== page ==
But above all, Paradise Lost is exciting. Satan is a surprisingly intriguing character rather than being a straightforward baddie, and there are some quite funny digressions, such as how it is, exactly, that angels have sex!

N

Rather slimmer pickings for N. I have to say straight away that I can’t bear V.S. Naipaul. And I must also ashamedly admit to never having read any Nabakov. So I’m going to make rather a surprising choice for N and go for the teen author Patrick Ness.

Patrick Ness won the Guardian Children’s Fiction Prize a few years ago for his astonishing novel The Knife of Never Letting Go, the first of the Chaos Walking trilogy.

Todd, the main character, lives in a place where everyone can hear everyone else’s thoughts, which swirl around them as something called ‘Noise’. This means there’s no privacy, no quiet and no secrets. But then, Todd finds a patch of silence, and everything changes suddenly and terrifyingly.

What’s so brilliant about The Knife of Never Letting Go is how it treads the line between the familiar and the alien so well. Everything is recognisable, yet also different. The idea of being able to hear people’s thoughts is at once very easy to imagine, yet also horribly strange. The language reflects this too, for instance, a question is called an ‘ask’ and a child is called a ‘pup’. Similar and understandable, yet also different.

And this really is an exciting adventure story. I could barely put it down. More exciting, even, than Milton.

O

O is another letter for which there seems to be a strange paucity of writers. I’d say it essentially comes down to Ovid versus Orwell.

I did so enjoy reading Ovid’s Metamorphoses soon after I finished school. The Greek myths were such a huge part of my childhood, and it was with utter joy that I could grow reacquainted with them in such readable and elegant verse. Here again were Orpheus and Eurydice, Daedalus and Icarus, the Minotaur, Echo and Narcissus … all these wonderful stories that could be read all over again. And there were new revelations too. I remember being stunned by the entry on Pythagoras, who was known to me only for having that theory about the squares of the sides of triangles adding up. Who knew he was vegetarian and so eloquent with it too?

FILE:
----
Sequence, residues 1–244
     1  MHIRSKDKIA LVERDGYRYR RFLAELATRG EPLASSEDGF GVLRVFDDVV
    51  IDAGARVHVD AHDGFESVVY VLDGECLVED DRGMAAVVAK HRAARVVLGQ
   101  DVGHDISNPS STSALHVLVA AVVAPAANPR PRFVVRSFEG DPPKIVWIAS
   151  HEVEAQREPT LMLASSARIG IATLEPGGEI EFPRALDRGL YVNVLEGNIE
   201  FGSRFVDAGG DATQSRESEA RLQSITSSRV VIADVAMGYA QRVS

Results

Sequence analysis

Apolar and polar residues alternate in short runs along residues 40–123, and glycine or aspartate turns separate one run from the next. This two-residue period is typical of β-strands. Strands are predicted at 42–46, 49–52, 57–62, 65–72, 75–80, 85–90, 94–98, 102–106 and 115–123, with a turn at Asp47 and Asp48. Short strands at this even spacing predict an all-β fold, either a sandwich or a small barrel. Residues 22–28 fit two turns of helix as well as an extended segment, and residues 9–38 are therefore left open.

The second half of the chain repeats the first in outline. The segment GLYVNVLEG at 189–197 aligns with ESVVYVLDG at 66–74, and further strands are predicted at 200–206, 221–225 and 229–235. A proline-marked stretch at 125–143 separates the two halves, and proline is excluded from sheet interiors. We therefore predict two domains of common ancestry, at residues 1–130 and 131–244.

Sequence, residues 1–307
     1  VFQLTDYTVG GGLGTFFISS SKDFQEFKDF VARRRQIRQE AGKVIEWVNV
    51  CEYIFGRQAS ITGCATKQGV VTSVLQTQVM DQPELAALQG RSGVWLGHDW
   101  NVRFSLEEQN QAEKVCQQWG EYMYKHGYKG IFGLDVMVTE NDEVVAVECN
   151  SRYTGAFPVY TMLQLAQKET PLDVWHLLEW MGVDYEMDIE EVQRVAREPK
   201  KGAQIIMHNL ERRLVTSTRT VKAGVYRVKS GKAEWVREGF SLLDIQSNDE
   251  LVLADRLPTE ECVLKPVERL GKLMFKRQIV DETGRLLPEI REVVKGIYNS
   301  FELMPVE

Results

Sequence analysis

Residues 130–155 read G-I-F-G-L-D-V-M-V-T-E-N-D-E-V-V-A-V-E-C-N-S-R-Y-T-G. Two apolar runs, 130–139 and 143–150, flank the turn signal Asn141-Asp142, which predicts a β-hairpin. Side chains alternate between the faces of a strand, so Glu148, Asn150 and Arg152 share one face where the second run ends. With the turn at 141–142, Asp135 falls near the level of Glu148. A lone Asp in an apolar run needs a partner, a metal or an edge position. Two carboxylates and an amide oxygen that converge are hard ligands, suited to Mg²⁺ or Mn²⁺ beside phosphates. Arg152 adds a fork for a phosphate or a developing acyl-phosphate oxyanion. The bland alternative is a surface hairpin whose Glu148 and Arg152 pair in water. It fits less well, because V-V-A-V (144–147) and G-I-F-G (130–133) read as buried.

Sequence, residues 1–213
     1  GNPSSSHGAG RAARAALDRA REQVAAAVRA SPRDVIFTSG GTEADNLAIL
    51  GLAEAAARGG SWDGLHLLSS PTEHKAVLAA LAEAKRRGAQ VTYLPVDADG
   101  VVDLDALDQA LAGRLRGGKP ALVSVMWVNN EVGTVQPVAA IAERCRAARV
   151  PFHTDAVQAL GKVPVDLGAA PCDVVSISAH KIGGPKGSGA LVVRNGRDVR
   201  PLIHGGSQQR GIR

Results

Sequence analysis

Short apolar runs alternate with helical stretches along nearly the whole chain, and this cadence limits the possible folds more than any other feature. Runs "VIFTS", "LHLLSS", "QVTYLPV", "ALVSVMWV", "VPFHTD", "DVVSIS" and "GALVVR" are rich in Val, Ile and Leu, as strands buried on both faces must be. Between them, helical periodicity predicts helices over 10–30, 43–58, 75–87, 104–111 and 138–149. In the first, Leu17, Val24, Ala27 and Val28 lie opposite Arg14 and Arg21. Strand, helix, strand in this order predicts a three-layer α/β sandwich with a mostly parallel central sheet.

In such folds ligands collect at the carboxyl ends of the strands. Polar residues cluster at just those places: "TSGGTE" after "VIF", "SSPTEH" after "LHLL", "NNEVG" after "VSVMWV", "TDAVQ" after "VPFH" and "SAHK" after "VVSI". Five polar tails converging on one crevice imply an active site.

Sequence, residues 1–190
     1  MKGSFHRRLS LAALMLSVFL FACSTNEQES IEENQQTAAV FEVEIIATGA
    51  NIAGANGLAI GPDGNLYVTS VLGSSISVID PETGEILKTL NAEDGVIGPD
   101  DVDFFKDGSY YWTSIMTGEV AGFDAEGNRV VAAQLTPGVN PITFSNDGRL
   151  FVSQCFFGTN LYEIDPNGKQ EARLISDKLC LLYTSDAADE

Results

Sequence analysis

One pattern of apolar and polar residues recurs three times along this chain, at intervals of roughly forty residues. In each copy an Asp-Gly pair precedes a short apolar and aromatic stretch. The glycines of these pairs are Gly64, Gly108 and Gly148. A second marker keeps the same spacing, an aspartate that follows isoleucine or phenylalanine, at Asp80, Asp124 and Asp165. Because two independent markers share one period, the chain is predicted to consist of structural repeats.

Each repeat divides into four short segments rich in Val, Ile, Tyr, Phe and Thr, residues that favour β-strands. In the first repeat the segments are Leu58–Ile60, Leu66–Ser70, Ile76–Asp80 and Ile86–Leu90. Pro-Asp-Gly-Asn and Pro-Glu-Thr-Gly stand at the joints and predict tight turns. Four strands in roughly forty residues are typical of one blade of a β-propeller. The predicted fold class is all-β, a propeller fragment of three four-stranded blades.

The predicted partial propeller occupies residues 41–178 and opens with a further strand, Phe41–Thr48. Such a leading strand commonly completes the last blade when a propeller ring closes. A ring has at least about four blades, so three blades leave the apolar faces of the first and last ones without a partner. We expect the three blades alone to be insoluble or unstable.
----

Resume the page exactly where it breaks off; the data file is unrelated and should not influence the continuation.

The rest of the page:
But perhaps Orwell has to win. I challenge anyone not to feel overawed by either Animal Farm or 1984. One invariably reads at least one of them when one is a young teenager, when they seem completely groundbreaking. Political, satirical, funny, dreadful, shocking, dystopian, terrifying …

I read a few of his essays at university, but it wasn’t till a couple of years ago that I really re-engaged with his work, when I read Down and Out in Paris and London. I’ve written about this elsewhere, so I shall spare you a long digression, but I really did think this was a brilliant book. Certain elements will stick in my mind forever, such as the broiling heat of a Paris kitchen when he was a plongeur, and the ‘tea-and-two-slices’ which was the standard meal of every tramp in England. And the description of how one particular OAP lived on his tiny pension, eating nothing but tea-and-two-slices or even just dry bread, sleeping in doss houses but still sparing enough money to have a weekly shave, summons a great deal of respect.

O, then, surely must be for Orwell.